"...where the Spirit of the Lord is, there is liberty."
-2 Corinthians 3:17 (NASB)

"Facts are stubborn things; and whatever may be our wishes, our inclinations, or the dictates of our passion, they cannot alter the state of facts and evidence."
~John Adams


A Nessesary Evil

Today I intend to wake up old literature on the O'Brian FACTor. Basically, I'm going to publish something that a friend of mine wrote a while ago. Since the PSAT just went whizzing by, I thought it would be topical to publish her essay on college entrance exams. When she said I could, I did, so here it is:

A Necessary Evil: College Entrance Exams
Originally written March 28 2007
By Shaney Lee

A common question asked of all high school students is “What are your plans for college?” The answers will be as diverse as the people you ask. Some people will plan to go to a junior or community college, others will want to go to a technical or trade school. Some will plan to join the military, still others will enter straight into the workforce. The vast majority, however, will plan to go to a four-year college. And those who do will have to make many decisions about how to get there. One common decision for all those who want to enter four-year colleges is, “What tests need to be taken to get in?” Although each college has its own policies, every four-year college will require at least one of the following: the Scholastic Aptitude Test (SAT, formerly known as the SAT I), the American College Test (ACT), and/or the SAT Subject Tests (formerly known as the SAT II’s).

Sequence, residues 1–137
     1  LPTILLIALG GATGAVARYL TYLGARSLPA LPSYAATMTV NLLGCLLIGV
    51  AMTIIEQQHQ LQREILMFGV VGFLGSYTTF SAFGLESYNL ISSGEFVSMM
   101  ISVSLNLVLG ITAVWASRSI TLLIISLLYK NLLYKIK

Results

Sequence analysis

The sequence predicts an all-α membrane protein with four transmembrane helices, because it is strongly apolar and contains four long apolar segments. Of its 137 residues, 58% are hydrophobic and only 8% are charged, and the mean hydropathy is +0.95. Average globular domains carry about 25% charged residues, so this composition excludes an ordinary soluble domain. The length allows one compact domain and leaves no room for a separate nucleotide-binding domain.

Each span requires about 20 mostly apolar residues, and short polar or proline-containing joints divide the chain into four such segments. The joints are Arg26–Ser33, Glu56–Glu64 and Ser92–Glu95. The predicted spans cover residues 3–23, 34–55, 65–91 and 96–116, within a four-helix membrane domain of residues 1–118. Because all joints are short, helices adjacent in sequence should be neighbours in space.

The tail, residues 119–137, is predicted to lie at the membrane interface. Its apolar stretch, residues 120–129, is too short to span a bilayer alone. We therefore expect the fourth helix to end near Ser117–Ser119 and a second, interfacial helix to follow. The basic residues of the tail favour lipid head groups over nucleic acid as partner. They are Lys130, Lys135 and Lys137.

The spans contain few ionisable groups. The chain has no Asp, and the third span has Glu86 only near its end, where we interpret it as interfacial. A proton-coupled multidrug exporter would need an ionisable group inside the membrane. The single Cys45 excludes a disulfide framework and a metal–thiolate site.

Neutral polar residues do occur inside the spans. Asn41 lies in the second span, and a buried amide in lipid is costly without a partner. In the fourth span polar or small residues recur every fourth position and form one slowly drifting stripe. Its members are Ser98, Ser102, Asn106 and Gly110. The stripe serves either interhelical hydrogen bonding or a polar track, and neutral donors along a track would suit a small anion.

The SAT claims to test “the critical thinking skills you’ll need for academic success in college. The SAT assesses how well you analyze and solve problems” (The College Board, “SAT Reasoning Test”); however, many people are very skeptical as to whether the SAT really does that. Some people even question whether the SAT does anything useful at all. In fact, the Princeton Review says “[The SAT] continues to be a negative force in education” and claims that the SAT “doesn’t measure anything”, “underpredicts the college performance of women, minorities, and disadvantages students”, and “is coachable in all the worst ways”. (“11 Practice Tests for the New SAT and PSAT”, vii) The plethora of material claiming to boost SAT scores backs Princeton up on what is possibly the test’s worst weakness: high scores do not necessarily point to college success. Unfortunately, almost all high school students planning to go to four-year colleges will have to take the SAT sooner or later. Almost all colleges require the SAT or ACT for admission, and even those that don’t often use SAT scores for scholarship purposes. Because of the wealth of SAT prep material available today, it isn’t that hard to make a decently good or even very good score, provided the student is willing to put the time in to study. All high school students planning to enter a four-year college should plan on taking the SAT; however, if they know exactly which college or colleges they want to go to, they should check the policies at those schools concerning the SAT. If the schools do not require the SAT, it may be in the student’s best interest to skip the SAT and devote their time to something more useful. Unfortunately, most high school students will not have the luxury of skipping the SAT.